Sondland Revises Impeachment Testimony After He ‘Refreshed My Recollection’

BRUSSELS, BELGIUM - JULY 12 -  New Ambassador of the United States to the European Union Gordon Sondland is talking to media prior an EU Energy Council, on July 12, 2018, in the Berlaymont, the EU Commission headquarter. (Photo by Thierry Monasse/Getty Images)
BRUSSELS, BELGIUM - JULY 12 - New Ambassador of the United States to the European Union Gordon Sondland is talking to media prior an EU Energy Council, on July 12, 2018, in the Berlaymont, the EU Commission headquar... BRUSSELS, BELGIUM - JULY 12 - New Ambassador of the United States to the European Union Gordon Sondland is talking to media prior an EU Energy Council, on July 12, 2018, in the Berlaymont, the EU Commission headquarter. (Photo by Thierry Monasse/Getty Images) MORE LESS
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November 5, 2019 1:53 p.m.

With the weight the impeachment inquiry bearing down on him, the U.S. ambassador to the European Union revised his previous testimony to the House about President Trump’s Ukraine pressure campaign.

In three new pages of sworn testimony released Tuesday, along with his entire deposition earlier in October, EU Ambassador Gordon Sondland wrote that the depositions of top Ukraine diplomat Bill Taylor and outgoing National Security Council official Tim Morrison “have refreshed my recollection” of the conversations at the center of the pressure campaign.

The dramatic new testimony confirms that Sondland told an aide to Ukrainian President Volodymyr Zelensky that congressionally approved military aid would be contingent upon the government of Ukraine publicly announcing it would investigate the origins of the Russia probe and a gas company on which former Vice President Joe Biden’s son sat.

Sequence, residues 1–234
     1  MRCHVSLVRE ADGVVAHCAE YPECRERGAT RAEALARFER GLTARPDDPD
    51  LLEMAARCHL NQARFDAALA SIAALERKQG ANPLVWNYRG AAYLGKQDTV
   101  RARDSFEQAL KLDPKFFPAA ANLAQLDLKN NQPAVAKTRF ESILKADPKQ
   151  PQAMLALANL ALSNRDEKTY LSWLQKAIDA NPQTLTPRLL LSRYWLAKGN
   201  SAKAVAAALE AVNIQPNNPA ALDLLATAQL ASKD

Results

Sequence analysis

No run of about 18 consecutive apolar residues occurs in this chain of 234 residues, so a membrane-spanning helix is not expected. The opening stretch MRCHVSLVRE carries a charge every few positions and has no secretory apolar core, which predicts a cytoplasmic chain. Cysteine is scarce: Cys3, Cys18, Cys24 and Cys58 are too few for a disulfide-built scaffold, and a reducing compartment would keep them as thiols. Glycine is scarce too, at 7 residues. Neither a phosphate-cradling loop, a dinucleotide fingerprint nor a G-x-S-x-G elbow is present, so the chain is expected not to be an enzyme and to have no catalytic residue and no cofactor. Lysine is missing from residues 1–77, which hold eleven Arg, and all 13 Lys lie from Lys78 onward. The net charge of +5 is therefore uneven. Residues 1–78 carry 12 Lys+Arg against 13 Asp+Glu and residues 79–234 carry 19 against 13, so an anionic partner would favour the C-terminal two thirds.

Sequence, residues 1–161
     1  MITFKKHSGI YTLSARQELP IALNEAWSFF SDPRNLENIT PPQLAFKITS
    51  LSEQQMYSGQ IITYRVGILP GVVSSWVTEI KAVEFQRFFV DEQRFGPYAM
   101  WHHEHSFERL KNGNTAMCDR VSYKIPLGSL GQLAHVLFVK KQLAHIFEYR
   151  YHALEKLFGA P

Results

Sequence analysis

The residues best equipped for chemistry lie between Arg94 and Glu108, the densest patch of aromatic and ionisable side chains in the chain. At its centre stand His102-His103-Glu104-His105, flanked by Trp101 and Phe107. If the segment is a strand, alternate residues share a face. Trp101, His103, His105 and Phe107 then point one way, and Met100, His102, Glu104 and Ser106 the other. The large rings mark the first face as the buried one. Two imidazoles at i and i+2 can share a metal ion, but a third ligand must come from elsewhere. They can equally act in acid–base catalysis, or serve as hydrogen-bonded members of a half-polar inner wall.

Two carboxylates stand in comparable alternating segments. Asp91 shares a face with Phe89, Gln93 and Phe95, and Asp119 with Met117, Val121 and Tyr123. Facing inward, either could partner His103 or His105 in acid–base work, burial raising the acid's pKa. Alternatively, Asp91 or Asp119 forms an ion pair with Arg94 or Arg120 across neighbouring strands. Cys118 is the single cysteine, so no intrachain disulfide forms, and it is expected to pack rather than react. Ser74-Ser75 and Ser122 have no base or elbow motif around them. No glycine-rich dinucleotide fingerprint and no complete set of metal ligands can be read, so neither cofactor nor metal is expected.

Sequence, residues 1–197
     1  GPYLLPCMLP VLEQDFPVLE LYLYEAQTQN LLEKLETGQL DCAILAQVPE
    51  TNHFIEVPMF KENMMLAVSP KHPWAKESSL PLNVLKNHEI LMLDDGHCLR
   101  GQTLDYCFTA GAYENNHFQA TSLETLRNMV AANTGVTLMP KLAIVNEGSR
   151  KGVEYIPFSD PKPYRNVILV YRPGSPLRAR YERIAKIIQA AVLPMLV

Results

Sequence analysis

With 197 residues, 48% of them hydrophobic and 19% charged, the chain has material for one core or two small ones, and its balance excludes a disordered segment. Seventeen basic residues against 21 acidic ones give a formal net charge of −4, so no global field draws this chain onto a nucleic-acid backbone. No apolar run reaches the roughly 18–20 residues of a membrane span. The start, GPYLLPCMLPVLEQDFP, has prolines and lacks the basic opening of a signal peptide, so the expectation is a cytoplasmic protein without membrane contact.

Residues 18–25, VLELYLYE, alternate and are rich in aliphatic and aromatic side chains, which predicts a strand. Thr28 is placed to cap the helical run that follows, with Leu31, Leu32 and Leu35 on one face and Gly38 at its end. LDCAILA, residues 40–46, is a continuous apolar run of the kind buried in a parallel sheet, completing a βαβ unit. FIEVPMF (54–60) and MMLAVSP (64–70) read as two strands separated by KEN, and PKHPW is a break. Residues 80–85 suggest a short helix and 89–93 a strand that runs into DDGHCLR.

In the update, Sondland recalls a conversation he had Sept. 1 with top Ukrainian aide Andriy Yermak. Sondland noted that the conversation came after a meeting involving Vice President Mike Pence and Zelensky where the military aid was raised.

Sondland said that he spoke individually with Yermak and told him that “the resumption of U.S. aid would likely not occur until Ukraine provided the anti-corruption statement that we had been discussing for many weeks.” Sondland added that he recalled “some question as to whether the public statement could come from the newly appointed Ukrainian Prosecutor General” rather than directly from Zelensky.

Sondland’s updates to his testimony appeared to be an attempt at saving face as he has been further implicated in the Ukraine scheme.

Sondland insisted that he “always believed” that the suspension of Ukraine military aid was “ill-advised.” He claimed that he “did not know (and still do not know) when, why, or by whom the aid was suspended,” but that by the beginning of September, he’d “presumed that the aid suspension had become linked to the proposed anti-corruption statement.”

The New York Times first reported the development Tuesday.

In a Tuesday statement, White House press secretary Stephanie Grisham said that Sondland’s updated testimony shows how “there is even less evidence for this illegitimate impeachment sham than previously thought.” Grisham particularly took aim at Sondland stating that he “did not know, (and still does not know) when, why or by whom the aid was suspended.”

“No amount of salacious media-biased headlines, which are clearly designed to influence the narrative, change the fact that the President has done nothing wrong,” Grisham said in the statement.

Read the additional testimony below:

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